• Staff burnout. When employees are already overwhelmed with responsibilities, overworked, or frustrated by previous organizational failures, it can be incredibly difficult to introduce new, additional responsibilities needed to implement change.
  • Organizational politics. In deciding on the next best step for an organization, egos can collide, leading to a lack of consensus.
  • Lack of effective planning. As Gallup Manager Leong Chee Tung reports, “Poorly defined objectives, milestones that seem impossible, and metrics that are unclear or not objective can further complicate a change process.”
  • Unnecessary bureaucratic impediments. Effective change cannot be fully realized unless leadership is able to “speed decision cycles, move information through the organization, provide quick and effective feedback, and evaluate and reward managers on qualities such as openness, candor, and self-confidence” (Tichy & Charan, 1989, p. 114).

Despite these obstacles, it is clear that change is needed. As this ever-transforming nonprofit landscape continues to evolve, organizations must ensure that they have mechanisms in place to respond to contextual change and, subsequently, adapt to meet the challenges of emerging needs and demands. All of this, of course, begs the question: what exactly can leaders do to successfully drive organizational change? Fortunately, there are multiple successful strategies available for implementation, as outlined below:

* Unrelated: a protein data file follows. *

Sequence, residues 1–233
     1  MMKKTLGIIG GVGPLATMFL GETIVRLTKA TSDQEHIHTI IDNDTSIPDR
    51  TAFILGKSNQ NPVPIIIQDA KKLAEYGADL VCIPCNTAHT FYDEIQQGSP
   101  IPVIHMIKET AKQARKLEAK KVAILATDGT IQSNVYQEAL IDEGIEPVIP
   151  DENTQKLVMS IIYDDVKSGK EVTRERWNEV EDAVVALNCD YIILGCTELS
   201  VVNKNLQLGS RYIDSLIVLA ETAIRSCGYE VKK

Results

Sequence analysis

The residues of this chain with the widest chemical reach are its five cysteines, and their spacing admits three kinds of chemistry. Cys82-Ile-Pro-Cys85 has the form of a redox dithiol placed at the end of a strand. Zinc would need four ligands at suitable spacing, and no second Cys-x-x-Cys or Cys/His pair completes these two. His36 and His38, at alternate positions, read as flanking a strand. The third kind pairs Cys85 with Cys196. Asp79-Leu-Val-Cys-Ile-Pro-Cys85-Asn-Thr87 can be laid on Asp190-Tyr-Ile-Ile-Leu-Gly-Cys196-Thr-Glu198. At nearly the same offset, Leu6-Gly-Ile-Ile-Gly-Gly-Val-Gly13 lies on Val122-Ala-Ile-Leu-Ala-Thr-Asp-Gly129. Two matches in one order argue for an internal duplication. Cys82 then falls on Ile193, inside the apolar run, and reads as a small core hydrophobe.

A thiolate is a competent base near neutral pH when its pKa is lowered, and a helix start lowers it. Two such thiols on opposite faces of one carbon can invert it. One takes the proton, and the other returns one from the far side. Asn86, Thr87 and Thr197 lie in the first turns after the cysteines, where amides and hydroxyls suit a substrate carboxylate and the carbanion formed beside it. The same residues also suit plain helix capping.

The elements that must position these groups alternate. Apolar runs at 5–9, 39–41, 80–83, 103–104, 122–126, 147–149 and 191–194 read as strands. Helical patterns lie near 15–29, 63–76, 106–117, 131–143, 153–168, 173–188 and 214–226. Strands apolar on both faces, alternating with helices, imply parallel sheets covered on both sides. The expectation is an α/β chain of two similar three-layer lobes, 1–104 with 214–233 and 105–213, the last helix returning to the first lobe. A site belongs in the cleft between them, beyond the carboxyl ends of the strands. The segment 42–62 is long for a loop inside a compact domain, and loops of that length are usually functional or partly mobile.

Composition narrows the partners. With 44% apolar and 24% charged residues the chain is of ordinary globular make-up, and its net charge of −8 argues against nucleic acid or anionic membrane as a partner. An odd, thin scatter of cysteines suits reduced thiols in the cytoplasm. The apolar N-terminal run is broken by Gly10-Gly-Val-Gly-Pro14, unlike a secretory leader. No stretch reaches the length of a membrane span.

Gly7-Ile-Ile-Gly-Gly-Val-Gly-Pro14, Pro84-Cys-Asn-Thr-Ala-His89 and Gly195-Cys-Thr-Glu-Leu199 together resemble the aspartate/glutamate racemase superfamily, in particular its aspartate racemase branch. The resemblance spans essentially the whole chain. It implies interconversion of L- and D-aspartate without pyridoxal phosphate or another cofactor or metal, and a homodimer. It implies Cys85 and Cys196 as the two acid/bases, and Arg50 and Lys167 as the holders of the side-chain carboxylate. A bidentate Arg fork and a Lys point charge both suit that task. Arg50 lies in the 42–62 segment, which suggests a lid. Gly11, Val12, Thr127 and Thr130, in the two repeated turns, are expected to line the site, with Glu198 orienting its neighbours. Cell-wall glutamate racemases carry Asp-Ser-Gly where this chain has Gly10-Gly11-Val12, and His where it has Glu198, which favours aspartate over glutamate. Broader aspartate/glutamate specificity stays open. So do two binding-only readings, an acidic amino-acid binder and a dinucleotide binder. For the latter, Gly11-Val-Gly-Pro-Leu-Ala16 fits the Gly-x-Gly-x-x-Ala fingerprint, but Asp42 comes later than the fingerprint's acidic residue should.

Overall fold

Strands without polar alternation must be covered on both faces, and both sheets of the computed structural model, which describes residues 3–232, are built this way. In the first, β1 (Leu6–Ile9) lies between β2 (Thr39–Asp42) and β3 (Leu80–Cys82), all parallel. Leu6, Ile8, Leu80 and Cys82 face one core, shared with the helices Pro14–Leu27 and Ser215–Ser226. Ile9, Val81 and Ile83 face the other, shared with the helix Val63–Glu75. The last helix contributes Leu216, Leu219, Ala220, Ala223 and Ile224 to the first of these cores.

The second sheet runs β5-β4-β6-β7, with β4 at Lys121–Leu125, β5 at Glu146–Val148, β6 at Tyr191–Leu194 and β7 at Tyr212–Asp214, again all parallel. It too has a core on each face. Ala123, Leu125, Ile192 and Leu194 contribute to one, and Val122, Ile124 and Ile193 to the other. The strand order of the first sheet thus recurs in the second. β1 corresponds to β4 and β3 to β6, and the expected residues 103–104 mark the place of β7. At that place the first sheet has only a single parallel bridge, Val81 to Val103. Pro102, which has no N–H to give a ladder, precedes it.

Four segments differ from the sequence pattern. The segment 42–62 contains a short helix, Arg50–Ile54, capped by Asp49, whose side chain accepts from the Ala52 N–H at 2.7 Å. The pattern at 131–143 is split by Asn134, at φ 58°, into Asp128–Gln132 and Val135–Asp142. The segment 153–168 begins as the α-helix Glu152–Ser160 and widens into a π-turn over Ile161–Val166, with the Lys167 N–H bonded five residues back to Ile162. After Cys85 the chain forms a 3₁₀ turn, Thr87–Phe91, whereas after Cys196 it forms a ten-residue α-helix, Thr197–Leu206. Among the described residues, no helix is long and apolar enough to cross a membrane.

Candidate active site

1. Implement a strategic planning process. The strategic planning process defines detailed steps for developing a results-based accountability system (Bryson, 2010). Through a collaborative process, organizations are able to: a) define their organizational mission and vision, b) assess the planning environment, c) define strategic issues, d) complete probability and impact analyses, and, e) implement, monitor, and evaluate new action steps, agendas, and policies (2010). This process helps to minimize political differences, increase staff buy-in, and move beyond prior frustrations.

2. Promote diversity. Research clearly demonstrates that diverse groups and organizations had advantages over homogenous ones (Cox, Lobel, & McLeod, 1991; Mandell & Kohler-Gray, 1990). One particular advantage of a diverse organization is that diversity promotes creativity, driving dynamic, innovative strategies for new approaches to implementing change (Cox, 1994). Promoting diversity within organizations ensures that a variety of perspectives are brought to the table, thereby decreasing the likelihood that potential solutions to organizational stagnation will be overlooked.